Petaluma fairground talks to start behind closed doors

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After years of closed-door discussions about the fate of the Sonoma-Marin Fairgrounds, officials on both sides of upcoming lease negotiations say they’re ready to bring the conversation out into the open and involve the public at an unprecedented level.

It took three somewhat contentious votes to get there, but the Petaluma City Council this week selected a temporary subcommittee that will represent the city in the first wave of meetings with fairgrounds board next month.

Council members Mike Healy, Kevin McDonnell and Dave King, who was absent at Monday’s meeting at City Hall, were appointed for the assignment, and will help craft the framework for a process that officials believe could benefit from a fresh approach.

“We’re trying to hit the reset button and do a preliminary step to a preliminary step (by going this route),” said City Manager Peggy Flynn.

The city owns the coveted 64-acre property in the heart of Petaluma and leases it to the 4th District Agricultural Association, a state agency that operates the Sonoma-Marin Fair and is overseen by a board of directors that is appointed by the governor.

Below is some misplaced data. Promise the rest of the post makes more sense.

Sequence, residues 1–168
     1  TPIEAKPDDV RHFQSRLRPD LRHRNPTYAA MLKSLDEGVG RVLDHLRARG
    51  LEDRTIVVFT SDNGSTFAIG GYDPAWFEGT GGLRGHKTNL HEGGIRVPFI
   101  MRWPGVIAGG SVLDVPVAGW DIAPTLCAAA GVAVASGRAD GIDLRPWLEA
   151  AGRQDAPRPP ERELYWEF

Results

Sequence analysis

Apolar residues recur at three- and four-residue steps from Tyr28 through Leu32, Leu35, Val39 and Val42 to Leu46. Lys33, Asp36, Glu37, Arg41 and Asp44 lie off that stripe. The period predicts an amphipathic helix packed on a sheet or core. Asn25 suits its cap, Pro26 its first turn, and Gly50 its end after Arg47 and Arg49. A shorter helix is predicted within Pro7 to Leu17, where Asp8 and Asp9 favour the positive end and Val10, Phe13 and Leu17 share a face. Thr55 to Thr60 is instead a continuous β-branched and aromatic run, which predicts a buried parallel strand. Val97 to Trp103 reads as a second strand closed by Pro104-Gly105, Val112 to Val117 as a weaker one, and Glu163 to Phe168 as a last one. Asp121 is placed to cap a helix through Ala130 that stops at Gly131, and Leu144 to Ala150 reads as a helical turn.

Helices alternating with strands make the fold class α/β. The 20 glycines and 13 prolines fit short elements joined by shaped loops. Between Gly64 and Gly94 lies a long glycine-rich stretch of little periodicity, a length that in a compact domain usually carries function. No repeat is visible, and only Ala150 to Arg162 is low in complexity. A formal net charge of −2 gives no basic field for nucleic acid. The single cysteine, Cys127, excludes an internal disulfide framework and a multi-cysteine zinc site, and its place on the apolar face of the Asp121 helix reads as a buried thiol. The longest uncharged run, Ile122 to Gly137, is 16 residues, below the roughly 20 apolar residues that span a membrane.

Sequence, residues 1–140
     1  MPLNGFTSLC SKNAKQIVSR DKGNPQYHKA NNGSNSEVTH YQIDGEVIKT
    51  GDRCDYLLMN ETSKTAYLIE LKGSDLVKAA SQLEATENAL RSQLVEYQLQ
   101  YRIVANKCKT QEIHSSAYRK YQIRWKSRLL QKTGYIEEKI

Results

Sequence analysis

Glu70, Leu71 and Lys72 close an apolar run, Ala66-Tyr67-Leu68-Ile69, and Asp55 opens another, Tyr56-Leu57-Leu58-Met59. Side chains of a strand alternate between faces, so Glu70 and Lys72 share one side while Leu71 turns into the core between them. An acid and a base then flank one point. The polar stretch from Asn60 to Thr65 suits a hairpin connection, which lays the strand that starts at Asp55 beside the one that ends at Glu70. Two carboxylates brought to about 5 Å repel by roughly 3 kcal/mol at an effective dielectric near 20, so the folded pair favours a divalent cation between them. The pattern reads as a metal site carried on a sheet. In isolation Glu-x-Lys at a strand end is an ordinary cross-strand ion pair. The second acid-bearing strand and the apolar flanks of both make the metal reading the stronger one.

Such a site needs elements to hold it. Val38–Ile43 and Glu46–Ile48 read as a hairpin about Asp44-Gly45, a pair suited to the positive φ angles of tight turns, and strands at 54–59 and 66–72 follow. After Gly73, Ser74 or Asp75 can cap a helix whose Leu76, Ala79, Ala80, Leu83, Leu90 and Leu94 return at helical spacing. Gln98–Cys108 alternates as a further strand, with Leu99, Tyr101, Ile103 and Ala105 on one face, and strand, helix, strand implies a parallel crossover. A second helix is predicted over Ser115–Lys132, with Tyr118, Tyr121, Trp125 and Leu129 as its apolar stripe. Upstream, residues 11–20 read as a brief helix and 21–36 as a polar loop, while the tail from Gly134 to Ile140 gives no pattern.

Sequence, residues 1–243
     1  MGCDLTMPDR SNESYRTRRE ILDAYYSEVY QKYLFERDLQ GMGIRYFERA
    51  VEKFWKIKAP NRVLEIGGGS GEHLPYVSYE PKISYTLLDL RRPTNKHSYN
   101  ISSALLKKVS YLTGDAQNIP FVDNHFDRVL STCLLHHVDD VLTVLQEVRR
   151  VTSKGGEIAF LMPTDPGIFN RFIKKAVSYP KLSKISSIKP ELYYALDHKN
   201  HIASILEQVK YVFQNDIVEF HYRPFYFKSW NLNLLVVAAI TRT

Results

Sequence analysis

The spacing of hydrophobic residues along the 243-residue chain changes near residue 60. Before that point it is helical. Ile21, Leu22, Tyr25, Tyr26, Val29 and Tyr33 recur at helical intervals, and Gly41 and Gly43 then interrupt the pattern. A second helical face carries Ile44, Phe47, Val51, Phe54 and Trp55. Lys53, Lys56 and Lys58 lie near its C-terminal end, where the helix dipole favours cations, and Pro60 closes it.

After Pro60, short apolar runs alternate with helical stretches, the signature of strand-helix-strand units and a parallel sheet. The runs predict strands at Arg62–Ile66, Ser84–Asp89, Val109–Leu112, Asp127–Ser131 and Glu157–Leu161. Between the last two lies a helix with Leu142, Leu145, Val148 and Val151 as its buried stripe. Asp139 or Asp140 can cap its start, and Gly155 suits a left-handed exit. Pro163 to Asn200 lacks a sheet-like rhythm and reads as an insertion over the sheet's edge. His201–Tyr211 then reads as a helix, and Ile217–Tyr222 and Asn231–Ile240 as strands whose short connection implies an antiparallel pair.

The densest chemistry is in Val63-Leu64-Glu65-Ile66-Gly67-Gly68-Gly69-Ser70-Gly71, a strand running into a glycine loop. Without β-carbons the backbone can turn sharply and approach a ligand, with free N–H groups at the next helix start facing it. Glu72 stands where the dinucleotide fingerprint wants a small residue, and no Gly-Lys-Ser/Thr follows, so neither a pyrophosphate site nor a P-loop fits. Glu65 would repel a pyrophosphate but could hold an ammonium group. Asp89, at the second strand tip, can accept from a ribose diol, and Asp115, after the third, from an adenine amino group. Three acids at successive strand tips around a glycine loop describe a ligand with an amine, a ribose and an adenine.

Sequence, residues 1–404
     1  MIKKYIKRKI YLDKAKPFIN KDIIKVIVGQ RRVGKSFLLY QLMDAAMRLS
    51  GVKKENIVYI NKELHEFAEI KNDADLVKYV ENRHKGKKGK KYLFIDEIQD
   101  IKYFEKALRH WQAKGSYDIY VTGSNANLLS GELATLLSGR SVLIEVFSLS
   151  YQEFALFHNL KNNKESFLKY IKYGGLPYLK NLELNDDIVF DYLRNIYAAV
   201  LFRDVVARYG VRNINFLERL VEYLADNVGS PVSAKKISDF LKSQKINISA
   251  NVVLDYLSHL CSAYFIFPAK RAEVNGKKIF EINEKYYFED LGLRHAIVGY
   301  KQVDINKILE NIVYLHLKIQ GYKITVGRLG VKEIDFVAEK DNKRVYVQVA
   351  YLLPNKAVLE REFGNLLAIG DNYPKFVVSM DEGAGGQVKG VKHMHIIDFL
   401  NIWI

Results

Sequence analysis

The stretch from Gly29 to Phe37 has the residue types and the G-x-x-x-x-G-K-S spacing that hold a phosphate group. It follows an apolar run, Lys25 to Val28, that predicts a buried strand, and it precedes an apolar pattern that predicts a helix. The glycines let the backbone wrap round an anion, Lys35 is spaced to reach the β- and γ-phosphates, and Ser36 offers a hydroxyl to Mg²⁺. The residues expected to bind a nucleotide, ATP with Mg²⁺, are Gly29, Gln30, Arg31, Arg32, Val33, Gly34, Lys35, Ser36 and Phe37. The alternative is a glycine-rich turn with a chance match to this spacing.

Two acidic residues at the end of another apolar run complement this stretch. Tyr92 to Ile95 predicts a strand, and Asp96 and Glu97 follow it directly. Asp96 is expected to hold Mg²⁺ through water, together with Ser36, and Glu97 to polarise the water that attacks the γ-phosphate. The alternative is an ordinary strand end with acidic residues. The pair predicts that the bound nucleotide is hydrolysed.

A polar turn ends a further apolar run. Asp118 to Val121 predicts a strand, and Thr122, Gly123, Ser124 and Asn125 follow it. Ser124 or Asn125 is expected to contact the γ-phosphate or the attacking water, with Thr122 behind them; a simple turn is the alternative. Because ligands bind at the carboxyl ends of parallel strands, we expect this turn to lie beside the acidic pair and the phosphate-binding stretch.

The current lease, which was adopted in 1973 and later extended an additional 25 years, provides the city $1 annually, and expires in 2023.

The council subcommittee is expected to convene with a similar group representing the Fair Board at a day-and-a-half closed-door workshop in October that will be mediated by an impartial consultant, said Petaluma Economic Development Manager Ingrid Alverde.

The city has enlisted Barry Long, managing principal for Pittsburgh-based Urban Design Associates, to facilitate the workshop, Alverde said. UDA arbitrated the redesign process for Paradise, the Butte County town that suffered the deadliest and most destructive wildfire in state history last year.

The price for UDA’s services is $12,000, but Petaluma officials haven’t committed to the agency long-term, and Alverde said they’re not sure if a mediator will be needed for the entire length of negotiations.